However, there are always people who bring a smile. A rumour that quickly picked up during the first half of the match was that every time one Pakistani lady in our stand got up to get herself some water or food, an Indian wicket would fall! Guess who got VIP treatment for the rest of the match and was served right where she sat, by the cops!! 😀

Lastly, I may be biased here, but I have to say that it was all the more fun for me because it was Mohali. Maybe because my default setting when I’m over-excited is to launch into very violent and very raucous Bhangra, and I didn’t feel alone being like that in Mohali? Or maybe for the first time, I could sing along to all the local music being played and wasn’t bothered how bad I sounded? Or maybe because the post-match celebrations in the streets looked completely Bollywood-ish with cops joining the masses, and forgetting about disciplining traffic!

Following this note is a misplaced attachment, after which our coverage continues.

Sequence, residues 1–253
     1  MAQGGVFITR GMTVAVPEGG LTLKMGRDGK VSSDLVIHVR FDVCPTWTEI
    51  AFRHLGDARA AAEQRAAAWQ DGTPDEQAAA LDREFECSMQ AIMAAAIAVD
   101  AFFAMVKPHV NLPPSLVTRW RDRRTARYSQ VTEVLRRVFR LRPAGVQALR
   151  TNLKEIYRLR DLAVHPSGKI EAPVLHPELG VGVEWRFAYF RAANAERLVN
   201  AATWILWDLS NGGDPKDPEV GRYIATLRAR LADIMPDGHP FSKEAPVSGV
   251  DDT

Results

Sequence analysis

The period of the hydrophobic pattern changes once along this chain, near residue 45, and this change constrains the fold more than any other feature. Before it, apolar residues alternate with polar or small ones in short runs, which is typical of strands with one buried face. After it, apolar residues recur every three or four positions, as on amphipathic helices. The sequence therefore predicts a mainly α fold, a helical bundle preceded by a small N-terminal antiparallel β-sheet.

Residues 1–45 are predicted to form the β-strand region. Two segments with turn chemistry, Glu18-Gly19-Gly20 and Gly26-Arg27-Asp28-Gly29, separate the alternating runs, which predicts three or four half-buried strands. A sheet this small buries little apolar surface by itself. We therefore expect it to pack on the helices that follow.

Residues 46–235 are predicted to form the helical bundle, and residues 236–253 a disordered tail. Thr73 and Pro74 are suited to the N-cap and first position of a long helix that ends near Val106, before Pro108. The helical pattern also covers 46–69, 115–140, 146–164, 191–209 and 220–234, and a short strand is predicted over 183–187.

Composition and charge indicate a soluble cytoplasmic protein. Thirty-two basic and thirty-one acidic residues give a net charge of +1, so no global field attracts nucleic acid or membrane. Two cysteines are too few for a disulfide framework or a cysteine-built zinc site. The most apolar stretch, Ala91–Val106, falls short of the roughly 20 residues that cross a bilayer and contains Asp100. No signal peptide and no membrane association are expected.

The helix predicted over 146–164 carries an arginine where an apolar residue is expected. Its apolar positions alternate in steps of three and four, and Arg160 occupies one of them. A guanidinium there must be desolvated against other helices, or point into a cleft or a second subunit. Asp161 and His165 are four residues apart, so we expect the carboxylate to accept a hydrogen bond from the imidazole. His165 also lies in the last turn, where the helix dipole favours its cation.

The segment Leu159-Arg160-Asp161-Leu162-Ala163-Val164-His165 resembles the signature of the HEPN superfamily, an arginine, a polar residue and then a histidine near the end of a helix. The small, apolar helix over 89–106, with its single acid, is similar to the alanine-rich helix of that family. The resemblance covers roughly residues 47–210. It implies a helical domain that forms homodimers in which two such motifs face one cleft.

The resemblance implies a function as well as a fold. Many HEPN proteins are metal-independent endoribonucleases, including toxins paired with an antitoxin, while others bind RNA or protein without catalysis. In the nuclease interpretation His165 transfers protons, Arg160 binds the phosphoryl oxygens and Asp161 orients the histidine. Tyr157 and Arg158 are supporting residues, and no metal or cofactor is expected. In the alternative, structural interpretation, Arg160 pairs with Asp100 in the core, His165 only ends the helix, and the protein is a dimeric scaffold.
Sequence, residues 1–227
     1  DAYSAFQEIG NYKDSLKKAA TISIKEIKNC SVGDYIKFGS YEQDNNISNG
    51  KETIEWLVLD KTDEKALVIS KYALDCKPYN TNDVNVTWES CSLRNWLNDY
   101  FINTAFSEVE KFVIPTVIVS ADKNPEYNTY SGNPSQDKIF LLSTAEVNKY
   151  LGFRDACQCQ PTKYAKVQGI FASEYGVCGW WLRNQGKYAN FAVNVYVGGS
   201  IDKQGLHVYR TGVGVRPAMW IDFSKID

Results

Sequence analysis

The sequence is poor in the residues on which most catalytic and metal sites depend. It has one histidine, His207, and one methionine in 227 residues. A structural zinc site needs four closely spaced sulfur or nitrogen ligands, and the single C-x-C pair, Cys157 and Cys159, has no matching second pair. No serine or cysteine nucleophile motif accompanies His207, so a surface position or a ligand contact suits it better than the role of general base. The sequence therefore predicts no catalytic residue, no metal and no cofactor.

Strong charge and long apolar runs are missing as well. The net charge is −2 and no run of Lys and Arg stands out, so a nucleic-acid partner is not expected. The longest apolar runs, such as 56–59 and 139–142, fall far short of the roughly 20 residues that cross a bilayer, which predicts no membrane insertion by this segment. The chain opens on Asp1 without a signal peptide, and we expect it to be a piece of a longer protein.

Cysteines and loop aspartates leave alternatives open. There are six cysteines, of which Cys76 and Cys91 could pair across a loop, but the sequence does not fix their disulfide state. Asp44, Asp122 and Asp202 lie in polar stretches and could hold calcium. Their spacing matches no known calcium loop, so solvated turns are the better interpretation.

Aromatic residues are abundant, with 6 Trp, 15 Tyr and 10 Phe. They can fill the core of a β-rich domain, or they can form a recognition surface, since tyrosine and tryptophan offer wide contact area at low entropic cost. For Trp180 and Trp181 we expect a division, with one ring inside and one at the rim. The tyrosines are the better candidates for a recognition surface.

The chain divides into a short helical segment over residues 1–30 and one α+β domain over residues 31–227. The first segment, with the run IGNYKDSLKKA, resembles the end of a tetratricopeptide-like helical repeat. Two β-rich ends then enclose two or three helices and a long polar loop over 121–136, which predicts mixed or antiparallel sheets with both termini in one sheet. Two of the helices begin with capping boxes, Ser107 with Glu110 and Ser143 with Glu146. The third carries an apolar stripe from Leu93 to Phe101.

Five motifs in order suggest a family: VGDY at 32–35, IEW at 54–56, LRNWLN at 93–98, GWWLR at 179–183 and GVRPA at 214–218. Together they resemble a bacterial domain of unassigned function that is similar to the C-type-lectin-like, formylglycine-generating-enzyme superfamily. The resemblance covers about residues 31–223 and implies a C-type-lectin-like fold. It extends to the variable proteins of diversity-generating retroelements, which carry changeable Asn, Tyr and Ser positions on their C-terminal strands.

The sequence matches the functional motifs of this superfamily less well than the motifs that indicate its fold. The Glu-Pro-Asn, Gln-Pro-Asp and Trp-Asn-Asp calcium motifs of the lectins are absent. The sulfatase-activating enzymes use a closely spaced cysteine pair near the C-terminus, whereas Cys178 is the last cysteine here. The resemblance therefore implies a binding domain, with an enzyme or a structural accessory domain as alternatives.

As the last battle looms large and India prepares to get the cup home, I am preparing for Wankhede. Yes, I’m going to be there. Bleeding blue, like always.

Here’s me @ Mohali, an hour before the match began.

For you, India, a thousand times over

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11 thoughts on “Notes from Mohali

    • It’s tasteless. But I’d give people the space for rhetoric. If you look closely, people don’t mean half the things they say on social networks.

  1. *moans* You were there! I only saw it on TV *big big sigh here*. That makes for 135473 bed time stories for the future kutti/chotta N’s! Lucky lucky you! what a day, no? I was so glad I was able to see it on ad-free HD. I can only imagine(and sigh) how it must have been there! Sachin looked like the angelic 4 year old one would want to cuddle! sigh. That pak lady VIP treatment is totally cute!